New Delhi [India], September 18 (ANI): The Supreme Court on Monday agreed to hear on Monday an appeal against a division bench of the Madras High Court which stayed an order of a single judge allowing the sale of Ganesh idols made using Plaster of Paris.
Senior advocate Shyam Divan mentioned the matter before a bench of Chief Justice of India DY Chandrachud and Justices JB Pardiwala and Manoj Misra saying the Madurai bench of Madras High Court had on Sunday imposed a ban on the sale of Ganesh idols made using Plaster of Paris (PoP).
Divan said the single judge has held that there cannot be a stay on the manufacturing of idols on Saturday, however, yesterday a division bench stayed the order of the single judge.
"We will take it up at the end of the board," said CJI while granting an urgent hearing to the petitioner.
Justice GR Swaminathan of the Madurai bench on Saturday observed that while sale of Ganesh idols made of plaster of Paris cannot be restricted, their immersion in water bodies can be restricted, and thus allowed artisans to sell Ganesha idols made using PoP by keeping a register containing details of all purchasers, which could then be inspected by authorities.
However, on September 17 a division bench of Justice SS Sundar and Justice Bharatha Chakravarthy stayed the order while putting a hold on manufacturing, selling or immersion of idols made of PoP or plastics.
The division bench relied upon the orders of the Nation Green Tribunal and a division bench order that upheld the guidelines of the Pollution Control Board and noted that these guidelines were applicable in the State even in the absence of specific rules by the State government.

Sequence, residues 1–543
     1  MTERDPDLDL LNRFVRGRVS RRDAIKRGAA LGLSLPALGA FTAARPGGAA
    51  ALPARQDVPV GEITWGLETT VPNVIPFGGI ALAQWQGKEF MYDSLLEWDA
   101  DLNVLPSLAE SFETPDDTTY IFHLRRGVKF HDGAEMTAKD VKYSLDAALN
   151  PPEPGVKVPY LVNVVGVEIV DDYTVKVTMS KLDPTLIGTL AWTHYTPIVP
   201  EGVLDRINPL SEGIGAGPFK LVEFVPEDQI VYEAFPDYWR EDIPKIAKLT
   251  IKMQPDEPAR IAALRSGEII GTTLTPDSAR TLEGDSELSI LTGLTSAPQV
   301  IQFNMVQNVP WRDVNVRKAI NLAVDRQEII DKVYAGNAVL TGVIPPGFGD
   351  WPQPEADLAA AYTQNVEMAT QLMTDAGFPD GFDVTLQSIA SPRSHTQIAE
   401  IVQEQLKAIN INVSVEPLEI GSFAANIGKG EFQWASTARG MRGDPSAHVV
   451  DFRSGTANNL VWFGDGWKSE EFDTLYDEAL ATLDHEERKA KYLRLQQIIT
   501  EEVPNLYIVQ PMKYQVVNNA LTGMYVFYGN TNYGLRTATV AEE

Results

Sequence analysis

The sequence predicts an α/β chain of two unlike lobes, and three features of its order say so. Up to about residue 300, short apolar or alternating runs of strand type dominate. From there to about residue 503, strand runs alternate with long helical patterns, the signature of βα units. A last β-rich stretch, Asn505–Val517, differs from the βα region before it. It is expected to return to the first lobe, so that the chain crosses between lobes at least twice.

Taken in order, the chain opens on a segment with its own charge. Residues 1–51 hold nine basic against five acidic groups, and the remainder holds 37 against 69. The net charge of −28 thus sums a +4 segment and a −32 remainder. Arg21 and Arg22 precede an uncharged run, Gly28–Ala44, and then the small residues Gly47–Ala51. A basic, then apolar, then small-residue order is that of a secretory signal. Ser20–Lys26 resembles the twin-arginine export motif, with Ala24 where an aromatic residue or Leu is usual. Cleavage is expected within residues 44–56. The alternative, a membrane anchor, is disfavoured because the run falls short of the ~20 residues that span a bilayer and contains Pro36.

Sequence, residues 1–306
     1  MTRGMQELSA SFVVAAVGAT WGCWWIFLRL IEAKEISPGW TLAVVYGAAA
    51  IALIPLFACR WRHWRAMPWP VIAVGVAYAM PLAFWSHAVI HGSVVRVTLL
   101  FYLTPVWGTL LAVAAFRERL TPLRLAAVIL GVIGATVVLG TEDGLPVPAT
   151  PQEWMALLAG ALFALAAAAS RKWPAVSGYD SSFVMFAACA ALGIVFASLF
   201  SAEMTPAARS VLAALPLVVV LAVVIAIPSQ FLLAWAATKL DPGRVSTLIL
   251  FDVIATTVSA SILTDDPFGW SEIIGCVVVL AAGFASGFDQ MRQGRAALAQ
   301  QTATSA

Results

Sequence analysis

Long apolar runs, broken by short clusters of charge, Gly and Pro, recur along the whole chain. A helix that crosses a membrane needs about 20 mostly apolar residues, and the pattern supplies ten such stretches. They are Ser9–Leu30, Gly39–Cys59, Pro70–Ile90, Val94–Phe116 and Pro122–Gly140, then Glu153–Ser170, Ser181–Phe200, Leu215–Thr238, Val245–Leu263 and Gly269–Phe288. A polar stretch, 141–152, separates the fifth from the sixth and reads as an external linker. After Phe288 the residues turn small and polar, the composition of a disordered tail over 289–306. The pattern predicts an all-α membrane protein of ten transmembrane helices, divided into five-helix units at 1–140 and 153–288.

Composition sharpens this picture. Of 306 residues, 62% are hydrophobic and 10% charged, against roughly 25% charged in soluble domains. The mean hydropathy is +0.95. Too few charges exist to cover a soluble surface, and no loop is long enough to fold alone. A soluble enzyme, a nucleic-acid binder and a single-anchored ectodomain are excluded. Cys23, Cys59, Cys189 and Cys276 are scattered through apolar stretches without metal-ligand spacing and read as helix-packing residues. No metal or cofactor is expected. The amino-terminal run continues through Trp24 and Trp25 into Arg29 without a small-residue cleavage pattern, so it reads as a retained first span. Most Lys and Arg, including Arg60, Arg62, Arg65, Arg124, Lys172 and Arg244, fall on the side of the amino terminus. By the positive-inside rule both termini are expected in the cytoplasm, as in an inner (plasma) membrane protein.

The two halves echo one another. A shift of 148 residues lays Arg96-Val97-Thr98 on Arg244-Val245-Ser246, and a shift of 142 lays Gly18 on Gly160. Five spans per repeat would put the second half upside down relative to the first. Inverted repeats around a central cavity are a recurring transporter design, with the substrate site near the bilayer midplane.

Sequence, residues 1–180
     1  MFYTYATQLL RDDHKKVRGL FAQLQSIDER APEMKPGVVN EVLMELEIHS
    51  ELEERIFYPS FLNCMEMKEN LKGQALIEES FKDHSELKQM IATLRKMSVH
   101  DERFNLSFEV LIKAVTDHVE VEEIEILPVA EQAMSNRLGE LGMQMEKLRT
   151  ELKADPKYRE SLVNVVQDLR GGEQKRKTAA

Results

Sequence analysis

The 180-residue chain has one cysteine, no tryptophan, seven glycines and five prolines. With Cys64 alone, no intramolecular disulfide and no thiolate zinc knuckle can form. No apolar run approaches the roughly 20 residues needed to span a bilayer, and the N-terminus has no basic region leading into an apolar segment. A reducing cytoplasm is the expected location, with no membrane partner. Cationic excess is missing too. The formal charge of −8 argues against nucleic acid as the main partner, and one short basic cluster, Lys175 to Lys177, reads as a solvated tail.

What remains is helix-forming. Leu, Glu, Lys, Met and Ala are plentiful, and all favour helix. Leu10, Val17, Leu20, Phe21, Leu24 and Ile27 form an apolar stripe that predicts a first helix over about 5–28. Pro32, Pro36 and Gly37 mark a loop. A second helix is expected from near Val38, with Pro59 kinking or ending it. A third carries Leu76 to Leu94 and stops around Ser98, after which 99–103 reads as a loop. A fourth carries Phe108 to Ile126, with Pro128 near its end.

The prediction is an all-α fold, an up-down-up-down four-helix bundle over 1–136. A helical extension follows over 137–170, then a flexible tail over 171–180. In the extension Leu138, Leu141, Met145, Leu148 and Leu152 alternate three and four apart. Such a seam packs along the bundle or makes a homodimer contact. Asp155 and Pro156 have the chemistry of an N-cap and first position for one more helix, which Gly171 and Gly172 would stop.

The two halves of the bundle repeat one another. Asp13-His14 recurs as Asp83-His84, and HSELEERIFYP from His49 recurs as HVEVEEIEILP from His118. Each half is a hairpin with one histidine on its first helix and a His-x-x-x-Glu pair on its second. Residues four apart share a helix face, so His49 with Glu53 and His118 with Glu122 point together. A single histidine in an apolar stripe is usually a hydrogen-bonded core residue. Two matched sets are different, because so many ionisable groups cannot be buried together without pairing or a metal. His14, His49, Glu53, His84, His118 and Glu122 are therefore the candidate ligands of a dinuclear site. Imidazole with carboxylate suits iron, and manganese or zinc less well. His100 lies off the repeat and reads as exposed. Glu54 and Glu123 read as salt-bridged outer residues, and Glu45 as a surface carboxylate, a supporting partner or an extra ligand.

It emphasised that idols were traditionally made using clay and added that the prohibition was only with respect to the use of PoP.
It has also rejected the arguments that such prohibition would cause financial hardship to the artisans, and said that the loss would be less since there was only a day left for the'Ganesh Chaturthi'.
The single judge had said that the artisan was entitled to sell his articles and that the right was guaranteed under Article 19(1)(g) of the Constitution.
The State argued before the division bench that using PoP had potential health effects and was thus a health hazard for human life and allowing sale of idols made using hazardous materials like PoP would infringe the right to life guaranteed under Article 21 of the Constitution. (ANI)